Implications for Australia of a 1.5°C future

Slowly but surely, the “fair shares” issue is taking the stage. It has to if we’re going to get anywhere near the Paris temperature targets, which I will conservatively characterize as “well below 2°C above pre-industrial levels.” Which brings me to Implications for Australia of a 1.5°C future, which my colleague Sivan Kartha just wrote for a few brave Australian climate groups.

bridgeIt’s an interesting report, for two related reasons. First, it is brief, and it sticks very closely to the mainline implications of the carbon budget approach, laying out the logic of the high-ambition Paris targets in a clear, step by step, fashion. Second, it is conservative. Not only does it reference the Australian fair share, as calculated by the Climate Equity Reference Project for the Civil Society Equity Review of the INDCs, but it also references a far more forgiving estimate of Australia’s fair share, one calculated by the Australian Climate Change Authority in 2014.

The report’s headline result, which the Sydney Morning Herald gave as Australia’s carbon budget to be exhausted in six years, is an understated one. If, that is, you actually want to meet the Paris targets, which is to say, if you actually want to reduce the risk of an utter catastrophe in which, to quote a recent paper by Jim Hansen and colleagues, the “Social disruption and economic consequences” arising from “large sea level rise, and the attendant increases in storms and climate extremes,” that trigger “conflicts arising from forced migrations and economic collapse” that are so severe that they could even “make the planet ungovernable, threatening the fabric of civilization.”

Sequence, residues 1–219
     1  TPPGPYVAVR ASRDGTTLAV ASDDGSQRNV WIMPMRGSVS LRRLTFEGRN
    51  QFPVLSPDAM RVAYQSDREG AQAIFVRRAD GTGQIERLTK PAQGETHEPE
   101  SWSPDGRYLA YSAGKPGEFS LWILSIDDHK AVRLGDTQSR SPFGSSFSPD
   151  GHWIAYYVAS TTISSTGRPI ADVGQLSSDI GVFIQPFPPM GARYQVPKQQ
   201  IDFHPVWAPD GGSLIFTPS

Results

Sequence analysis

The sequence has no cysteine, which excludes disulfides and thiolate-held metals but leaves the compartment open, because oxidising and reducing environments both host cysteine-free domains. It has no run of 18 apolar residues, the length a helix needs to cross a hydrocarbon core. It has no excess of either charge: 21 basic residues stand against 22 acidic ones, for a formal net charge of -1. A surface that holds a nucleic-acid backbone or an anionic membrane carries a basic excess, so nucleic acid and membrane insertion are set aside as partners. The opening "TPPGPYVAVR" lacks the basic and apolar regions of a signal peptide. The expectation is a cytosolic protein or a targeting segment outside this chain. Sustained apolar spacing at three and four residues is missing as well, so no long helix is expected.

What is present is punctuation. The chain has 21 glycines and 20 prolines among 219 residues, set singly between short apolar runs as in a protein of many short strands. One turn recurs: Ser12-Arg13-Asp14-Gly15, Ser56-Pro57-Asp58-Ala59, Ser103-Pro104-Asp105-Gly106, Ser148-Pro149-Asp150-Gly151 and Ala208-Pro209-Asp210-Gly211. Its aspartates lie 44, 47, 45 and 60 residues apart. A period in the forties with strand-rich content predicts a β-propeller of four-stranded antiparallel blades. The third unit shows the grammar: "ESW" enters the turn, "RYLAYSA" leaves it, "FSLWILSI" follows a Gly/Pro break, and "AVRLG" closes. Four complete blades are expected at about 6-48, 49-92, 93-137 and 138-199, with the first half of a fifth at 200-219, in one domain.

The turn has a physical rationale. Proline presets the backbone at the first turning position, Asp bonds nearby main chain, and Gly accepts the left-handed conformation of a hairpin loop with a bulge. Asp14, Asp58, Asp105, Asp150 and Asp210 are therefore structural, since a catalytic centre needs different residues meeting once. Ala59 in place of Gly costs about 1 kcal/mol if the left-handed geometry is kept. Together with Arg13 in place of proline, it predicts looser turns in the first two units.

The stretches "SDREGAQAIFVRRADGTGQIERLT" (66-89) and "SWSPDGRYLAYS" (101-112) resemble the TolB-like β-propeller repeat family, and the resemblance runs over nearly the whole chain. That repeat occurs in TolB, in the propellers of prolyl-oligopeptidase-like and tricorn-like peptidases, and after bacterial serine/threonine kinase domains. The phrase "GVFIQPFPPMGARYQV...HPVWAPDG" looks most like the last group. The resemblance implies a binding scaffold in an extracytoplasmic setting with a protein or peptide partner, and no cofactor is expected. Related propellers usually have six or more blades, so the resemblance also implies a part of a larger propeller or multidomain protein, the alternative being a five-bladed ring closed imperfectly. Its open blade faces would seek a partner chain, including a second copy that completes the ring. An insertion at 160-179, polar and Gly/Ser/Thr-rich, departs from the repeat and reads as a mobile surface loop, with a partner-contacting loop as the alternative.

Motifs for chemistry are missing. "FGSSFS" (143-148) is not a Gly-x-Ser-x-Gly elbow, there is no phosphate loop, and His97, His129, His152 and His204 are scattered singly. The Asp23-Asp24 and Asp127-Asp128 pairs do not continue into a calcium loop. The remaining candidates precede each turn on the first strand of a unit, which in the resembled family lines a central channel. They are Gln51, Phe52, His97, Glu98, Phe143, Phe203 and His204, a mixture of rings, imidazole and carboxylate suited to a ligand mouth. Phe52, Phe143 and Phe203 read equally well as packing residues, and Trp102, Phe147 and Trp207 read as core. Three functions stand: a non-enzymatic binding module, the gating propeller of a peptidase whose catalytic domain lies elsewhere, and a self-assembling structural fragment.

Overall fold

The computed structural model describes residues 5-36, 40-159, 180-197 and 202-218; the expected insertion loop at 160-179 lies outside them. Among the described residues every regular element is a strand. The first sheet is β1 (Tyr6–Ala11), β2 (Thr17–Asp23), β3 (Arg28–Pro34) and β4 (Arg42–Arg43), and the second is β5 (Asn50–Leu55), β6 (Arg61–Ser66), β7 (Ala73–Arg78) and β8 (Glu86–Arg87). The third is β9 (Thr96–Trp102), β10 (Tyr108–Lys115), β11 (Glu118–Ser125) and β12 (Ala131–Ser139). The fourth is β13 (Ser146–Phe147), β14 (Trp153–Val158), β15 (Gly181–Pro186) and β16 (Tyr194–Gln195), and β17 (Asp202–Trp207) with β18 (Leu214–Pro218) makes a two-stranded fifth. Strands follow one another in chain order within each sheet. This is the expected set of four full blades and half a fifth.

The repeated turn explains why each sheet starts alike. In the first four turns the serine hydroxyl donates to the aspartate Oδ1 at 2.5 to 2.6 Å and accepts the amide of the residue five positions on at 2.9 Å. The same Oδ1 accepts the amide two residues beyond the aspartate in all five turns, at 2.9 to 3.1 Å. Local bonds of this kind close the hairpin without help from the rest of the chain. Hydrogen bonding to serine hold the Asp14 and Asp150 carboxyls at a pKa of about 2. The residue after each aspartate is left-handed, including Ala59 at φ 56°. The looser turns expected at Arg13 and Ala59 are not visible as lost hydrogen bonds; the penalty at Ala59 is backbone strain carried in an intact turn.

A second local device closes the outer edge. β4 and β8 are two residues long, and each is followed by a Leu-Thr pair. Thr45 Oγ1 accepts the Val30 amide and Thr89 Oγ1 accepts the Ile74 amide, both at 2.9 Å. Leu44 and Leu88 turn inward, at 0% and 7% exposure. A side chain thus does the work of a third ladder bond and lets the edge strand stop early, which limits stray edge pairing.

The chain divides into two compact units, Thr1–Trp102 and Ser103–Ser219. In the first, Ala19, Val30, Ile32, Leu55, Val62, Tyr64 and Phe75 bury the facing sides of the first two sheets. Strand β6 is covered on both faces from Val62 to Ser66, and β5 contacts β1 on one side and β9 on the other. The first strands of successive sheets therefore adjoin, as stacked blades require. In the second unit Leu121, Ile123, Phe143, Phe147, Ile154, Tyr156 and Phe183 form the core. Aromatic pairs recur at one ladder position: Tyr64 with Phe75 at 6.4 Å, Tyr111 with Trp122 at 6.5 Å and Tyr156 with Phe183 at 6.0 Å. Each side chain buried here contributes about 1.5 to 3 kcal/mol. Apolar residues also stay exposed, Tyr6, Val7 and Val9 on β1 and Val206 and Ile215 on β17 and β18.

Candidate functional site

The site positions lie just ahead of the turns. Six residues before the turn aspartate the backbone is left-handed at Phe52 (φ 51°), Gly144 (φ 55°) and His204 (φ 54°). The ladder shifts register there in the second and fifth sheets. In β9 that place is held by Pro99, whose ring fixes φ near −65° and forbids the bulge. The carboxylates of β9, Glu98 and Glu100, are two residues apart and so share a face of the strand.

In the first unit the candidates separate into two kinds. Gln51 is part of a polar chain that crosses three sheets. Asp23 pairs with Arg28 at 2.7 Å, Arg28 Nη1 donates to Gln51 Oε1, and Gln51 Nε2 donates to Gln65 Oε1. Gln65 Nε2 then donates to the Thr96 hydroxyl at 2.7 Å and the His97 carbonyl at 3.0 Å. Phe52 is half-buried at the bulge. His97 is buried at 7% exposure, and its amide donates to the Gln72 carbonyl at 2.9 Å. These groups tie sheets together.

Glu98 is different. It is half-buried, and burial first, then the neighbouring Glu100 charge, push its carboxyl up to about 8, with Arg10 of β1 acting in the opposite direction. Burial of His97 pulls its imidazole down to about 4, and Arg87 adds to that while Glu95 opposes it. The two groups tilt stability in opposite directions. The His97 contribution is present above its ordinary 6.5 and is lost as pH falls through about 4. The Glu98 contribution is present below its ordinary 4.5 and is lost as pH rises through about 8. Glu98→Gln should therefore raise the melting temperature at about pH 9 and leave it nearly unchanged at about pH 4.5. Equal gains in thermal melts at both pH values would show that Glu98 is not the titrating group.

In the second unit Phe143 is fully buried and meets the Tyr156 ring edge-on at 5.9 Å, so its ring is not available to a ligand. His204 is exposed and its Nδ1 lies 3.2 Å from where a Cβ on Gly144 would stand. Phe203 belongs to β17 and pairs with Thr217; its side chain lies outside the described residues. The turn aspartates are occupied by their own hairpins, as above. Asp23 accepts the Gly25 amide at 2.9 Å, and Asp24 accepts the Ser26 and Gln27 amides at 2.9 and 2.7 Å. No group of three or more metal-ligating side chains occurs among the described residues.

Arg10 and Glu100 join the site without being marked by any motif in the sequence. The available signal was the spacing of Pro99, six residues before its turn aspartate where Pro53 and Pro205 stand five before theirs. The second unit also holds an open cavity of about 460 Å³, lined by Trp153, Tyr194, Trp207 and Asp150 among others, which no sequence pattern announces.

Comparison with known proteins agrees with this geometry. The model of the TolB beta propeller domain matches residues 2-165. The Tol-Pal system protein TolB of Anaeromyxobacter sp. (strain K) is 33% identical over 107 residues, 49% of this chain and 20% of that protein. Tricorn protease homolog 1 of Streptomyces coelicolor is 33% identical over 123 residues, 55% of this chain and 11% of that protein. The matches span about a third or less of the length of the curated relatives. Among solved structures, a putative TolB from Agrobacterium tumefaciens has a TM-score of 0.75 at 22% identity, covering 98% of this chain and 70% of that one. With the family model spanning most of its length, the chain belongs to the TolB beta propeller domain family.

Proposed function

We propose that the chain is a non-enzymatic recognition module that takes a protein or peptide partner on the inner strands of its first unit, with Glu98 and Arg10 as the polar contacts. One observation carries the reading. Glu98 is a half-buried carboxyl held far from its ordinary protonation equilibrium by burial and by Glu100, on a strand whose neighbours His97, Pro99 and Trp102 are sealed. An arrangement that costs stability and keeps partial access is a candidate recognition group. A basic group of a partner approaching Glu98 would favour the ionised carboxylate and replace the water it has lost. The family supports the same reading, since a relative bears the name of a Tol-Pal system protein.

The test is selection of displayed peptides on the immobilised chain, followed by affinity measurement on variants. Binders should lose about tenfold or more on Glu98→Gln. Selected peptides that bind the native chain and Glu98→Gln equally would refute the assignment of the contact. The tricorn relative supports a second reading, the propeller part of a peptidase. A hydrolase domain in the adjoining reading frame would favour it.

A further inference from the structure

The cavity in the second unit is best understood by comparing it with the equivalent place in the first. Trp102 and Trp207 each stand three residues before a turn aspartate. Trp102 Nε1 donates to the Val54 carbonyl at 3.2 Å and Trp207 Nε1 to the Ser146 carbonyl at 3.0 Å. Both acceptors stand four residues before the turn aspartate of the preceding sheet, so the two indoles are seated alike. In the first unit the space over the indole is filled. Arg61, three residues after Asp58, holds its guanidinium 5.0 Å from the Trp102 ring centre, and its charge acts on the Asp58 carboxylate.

Not that Australia is going to drop its emissions to zero in six years. This isn’t in the cards and we all know it. But it should do its level best, and support a great deal of offshore mitigation as well. This, in any case, is what it would mean for it to do its fair share.

In Memoriam: Paul Baer (1962 – 2016)

pbaer-smThis morning, while preparing for a meeting, I learned that Paul Baer, my friend and EcoEquity’s co-founder, had just committed suicide.  If you’re also a friend of his, you may know part of the story, which was long and often agonizing.

Paul and I met in late 2000, just before the dramatic 6th Conference of Parties in The Hague.  I was giving a brown bag talk up at the Lawrence Berkeley Lab, one called “After the Kyoto Protocol.”  Afterwards, we talked and talked, and it turned out that we agreed on a very great deal indeed. What better way to celebrate such accord than to found an organization?  Thus, EcoEquity was born.

The tragedy of Paul’s death is underscored by the fact that it occurred just before the Paris Agreement enters into force.  When it does, it’s going to thrust us into a world of new complexities, and new possibilities.  And, no doubt, new infamies.  It’s a world he should have lived to see, and to work within.

Back in 2002, Paul and I wrote a book together, one called Dead Heat: Global Justice and Global Warming.  (We were trying for a broad audience, so we used the J word).  It’s still a nice piece of work, though we were at the time too heavily influenced by per-capita approaches to global climate equity. I know Paul would agree with this judgement, because he was a co-developer, along with myself and Sivan Kartha of the Stockholm Environment Institute, of the Greenhouse Development Rights framework (archived here), which went on to have a considerable influence on the global fair-shares debate.  GDRs, in case you don’t know, evolved into the Climate Equity Reference Project, and Paul’s fingerprints are all over it.

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